According to the information you recorded Hubble Space TelescopeAnd the in 2019, star red giant Betelgeuse It exploded and lost a large part of its mass and luster. Despite this, scientists suggest that the star in the constellation Orion may not be about to explode completely.
The explosion caused an unprecedented surface mass ejection (SME) that was 400 billion times larger than a typical coronal mass ejection event (SME) – small and medium eruptions are explosions that occur in the sun’s corona. According to researchers, the star continues to do unusual things, but is slowly recovering.
“We’ve never seen a massive mass ejection from the surface of a star. We just let something happen that we didn’t fully understand. It’s an entirely new phenomenon that we can observe and solve surface detail directly using Hubble. We’re watching the evolution of stars in real time,” said the scientist at the Astrophysical Center. Harvard and Smithsonian University Andrea Dupree.
Scientists study the data to understand the reason behind the stellar eventsource: NASA/ESA/Elizabeth Wheatley (STScI)
The data helps scientists understand how red stars lose mass in the last moments of their lives, until they explode as supernovae. Even explosions can change the fate of things.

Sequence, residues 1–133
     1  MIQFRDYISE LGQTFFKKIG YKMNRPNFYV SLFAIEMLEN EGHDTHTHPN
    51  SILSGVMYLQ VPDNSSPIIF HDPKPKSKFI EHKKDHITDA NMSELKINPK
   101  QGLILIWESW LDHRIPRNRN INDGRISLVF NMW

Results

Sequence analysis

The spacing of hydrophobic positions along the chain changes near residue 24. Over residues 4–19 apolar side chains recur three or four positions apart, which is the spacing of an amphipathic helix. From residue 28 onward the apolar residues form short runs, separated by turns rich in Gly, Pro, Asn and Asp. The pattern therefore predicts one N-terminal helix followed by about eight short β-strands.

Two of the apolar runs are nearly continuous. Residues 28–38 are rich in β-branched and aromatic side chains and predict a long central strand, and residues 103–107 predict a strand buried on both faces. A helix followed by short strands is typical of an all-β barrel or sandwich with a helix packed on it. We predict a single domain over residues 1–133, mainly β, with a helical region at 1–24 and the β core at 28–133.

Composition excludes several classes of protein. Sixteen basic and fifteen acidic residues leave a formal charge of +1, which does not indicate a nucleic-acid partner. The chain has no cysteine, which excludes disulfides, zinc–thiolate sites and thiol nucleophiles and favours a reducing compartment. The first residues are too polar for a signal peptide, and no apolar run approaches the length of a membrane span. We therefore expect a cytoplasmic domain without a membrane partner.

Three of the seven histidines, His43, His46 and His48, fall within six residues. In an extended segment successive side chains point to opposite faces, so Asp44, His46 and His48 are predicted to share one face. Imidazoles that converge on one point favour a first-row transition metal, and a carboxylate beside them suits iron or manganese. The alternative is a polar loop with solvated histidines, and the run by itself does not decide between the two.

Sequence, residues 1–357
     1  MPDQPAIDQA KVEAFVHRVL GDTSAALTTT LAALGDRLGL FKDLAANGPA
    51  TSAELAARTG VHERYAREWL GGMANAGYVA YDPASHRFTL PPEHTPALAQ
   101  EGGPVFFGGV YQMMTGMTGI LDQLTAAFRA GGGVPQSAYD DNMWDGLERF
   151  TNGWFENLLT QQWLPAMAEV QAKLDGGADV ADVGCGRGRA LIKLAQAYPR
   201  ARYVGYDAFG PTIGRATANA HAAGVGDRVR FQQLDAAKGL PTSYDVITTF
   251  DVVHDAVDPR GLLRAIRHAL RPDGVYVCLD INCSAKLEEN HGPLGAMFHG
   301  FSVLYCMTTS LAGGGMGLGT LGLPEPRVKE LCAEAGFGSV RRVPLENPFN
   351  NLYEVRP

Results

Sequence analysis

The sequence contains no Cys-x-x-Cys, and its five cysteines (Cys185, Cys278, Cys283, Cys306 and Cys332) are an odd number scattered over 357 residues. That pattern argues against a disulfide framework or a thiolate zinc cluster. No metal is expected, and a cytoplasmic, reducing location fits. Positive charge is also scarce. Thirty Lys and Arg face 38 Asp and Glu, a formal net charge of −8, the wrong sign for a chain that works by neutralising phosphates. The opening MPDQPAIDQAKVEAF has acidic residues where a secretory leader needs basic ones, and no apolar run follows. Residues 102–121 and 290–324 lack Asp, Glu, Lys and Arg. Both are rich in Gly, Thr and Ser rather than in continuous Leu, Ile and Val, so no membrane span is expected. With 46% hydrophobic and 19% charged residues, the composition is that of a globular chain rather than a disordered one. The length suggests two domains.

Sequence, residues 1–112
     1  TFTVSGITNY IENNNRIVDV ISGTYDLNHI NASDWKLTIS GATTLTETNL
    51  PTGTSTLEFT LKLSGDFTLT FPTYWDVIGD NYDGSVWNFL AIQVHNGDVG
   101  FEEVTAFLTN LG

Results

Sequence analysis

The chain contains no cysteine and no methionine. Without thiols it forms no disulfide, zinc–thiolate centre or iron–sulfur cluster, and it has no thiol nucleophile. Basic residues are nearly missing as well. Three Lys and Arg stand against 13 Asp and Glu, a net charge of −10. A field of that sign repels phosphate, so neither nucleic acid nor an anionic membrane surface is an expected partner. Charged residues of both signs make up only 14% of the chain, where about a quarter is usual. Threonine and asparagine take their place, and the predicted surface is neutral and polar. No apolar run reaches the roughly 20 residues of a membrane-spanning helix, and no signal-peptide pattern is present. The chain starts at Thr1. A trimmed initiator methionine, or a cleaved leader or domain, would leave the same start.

Explosion and power outage
The studies are conducted using basic data obtained by the Hubble Space Telescope, but also with more recent information from the STELLA Automated Observatory, the Fred Lawrence Whipple Observatory, the STEREO Observation Mission, and the American Association of Variable Star Observers (AAVSO).
The explosion at Betelgeuse occurred after the rising temperature deep inside the star caused shocks and pulsations, causing significant loss to its surface. Since he is one of the brightest stars, they also noticed a dimming during the eruption – the event lasted a few months.
“Betelgeuse continues to do some unusual things right now; the inside is kind of bouncing,” Dupree said.
At the time of the explosion, the emitted mass of the star cooled and formed a dark cloud of dust, dimming its brightness further. The event interrupted the star’s 400-day period of oscillation, which astronomers have observed for nearly 200 years.
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